63. The process as in claim 62, wherein after said step of discharging a capacitor is completed, said step of disabling an actuator is completed.
71. A method for testing a fault circuit comprising the following steps: a) periodically preventing an actuator from activating; b) activating a self test by creating a current imbalance, which occurs across at least two different half cycles of opposite polarity; c) testing a fault circuit by reading said current imbalance.
75. A method for testing a fault circuit comprising: periodically outputting a circuit hinder signal to hinder a disconnect signal from a fault detector circuit, the circuit hinder signal being output at a first period of time; outputting a test signal to said fault detector circuit only if the circuit hinder signal is output, the test signal testing said fault detector circuit; receiving from said fault detector circuit an output signal in response to the test signal when said fault detector is operative; and activating an alarm during a second period of time if the output signal is not received during said first period of time.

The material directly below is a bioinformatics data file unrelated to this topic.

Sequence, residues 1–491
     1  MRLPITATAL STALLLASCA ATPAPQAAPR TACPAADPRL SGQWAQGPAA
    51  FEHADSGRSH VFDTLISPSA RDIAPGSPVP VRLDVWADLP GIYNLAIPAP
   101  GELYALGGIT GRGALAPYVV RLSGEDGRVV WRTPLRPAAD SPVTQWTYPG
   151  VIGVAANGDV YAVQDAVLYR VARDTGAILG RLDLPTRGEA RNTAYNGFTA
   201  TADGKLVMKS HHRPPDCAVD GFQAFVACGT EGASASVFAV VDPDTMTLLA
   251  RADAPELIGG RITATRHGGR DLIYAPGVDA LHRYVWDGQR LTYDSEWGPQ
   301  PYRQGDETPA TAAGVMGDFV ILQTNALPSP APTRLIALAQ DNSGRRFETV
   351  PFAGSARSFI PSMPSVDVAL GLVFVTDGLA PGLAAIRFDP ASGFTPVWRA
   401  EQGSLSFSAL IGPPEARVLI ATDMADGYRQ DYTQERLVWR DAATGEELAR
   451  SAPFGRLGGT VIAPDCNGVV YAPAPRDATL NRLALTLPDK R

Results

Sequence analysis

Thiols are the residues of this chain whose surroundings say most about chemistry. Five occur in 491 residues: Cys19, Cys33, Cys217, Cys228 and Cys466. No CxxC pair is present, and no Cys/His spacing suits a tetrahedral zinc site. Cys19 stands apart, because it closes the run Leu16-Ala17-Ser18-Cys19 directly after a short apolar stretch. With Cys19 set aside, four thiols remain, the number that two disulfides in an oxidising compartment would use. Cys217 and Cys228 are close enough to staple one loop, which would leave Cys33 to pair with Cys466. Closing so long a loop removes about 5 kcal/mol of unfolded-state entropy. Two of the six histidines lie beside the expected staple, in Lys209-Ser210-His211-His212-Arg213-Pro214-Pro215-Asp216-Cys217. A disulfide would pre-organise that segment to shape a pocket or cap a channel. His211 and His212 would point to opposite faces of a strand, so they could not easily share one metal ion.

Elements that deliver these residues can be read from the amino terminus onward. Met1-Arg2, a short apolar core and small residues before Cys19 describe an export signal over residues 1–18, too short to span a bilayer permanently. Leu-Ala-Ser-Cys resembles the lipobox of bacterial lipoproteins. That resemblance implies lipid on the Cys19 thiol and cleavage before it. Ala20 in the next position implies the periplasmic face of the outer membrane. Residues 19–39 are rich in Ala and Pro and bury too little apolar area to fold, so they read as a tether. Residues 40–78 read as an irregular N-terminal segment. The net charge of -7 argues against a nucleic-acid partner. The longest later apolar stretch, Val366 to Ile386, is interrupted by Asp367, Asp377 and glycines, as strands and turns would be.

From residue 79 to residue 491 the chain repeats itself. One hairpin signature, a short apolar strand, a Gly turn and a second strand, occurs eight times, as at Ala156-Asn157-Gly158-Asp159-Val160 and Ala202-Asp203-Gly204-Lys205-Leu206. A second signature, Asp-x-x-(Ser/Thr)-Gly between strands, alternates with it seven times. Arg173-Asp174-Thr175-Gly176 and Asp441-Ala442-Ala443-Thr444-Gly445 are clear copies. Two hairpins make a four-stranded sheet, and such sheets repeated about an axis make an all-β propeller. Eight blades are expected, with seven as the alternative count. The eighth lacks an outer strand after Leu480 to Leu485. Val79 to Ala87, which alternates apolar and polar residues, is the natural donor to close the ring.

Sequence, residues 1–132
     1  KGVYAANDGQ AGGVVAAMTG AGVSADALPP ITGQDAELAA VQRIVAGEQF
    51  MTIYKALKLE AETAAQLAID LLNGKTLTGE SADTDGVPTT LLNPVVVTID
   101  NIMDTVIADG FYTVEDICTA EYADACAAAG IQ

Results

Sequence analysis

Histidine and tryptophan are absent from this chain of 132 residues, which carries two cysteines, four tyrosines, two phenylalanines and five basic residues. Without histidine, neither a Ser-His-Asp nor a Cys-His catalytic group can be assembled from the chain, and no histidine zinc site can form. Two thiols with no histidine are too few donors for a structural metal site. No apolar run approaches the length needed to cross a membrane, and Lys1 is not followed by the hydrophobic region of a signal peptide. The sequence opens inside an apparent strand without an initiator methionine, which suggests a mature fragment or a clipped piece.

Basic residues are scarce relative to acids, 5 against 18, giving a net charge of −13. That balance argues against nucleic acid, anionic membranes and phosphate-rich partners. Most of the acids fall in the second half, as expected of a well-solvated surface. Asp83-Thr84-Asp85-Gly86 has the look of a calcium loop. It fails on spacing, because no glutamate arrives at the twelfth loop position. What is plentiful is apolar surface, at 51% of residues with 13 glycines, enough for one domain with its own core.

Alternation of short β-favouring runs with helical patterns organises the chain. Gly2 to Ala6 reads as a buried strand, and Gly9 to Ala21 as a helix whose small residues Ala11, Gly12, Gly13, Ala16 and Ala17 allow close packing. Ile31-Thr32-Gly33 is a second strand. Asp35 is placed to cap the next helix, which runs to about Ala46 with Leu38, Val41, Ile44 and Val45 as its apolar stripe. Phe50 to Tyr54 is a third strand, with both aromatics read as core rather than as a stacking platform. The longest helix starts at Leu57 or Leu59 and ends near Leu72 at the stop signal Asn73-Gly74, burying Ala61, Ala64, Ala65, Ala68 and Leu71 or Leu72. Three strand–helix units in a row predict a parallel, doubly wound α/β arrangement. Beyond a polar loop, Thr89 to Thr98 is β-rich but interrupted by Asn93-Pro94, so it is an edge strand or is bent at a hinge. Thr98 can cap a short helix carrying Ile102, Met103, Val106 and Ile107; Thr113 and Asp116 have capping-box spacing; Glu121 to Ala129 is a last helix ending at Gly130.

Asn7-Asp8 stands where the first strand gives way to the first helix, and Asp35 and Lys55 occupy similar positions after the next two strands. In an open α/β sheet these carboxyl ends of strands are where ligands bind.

CROSS REFERENCE TO RELATED APPLICATIONS
 This application is a continuation-in-part application of International Application Serial No. PCT/US09/32502 filed on Jan. 29, 2009 wherein that application claims priority from U.S. Provisional Patent Application Ser. No. 61/024,199 filed on Jan. 29, 2008 the disclosure of the international application and the provisional application both being incorporated herein by reference in their entirety.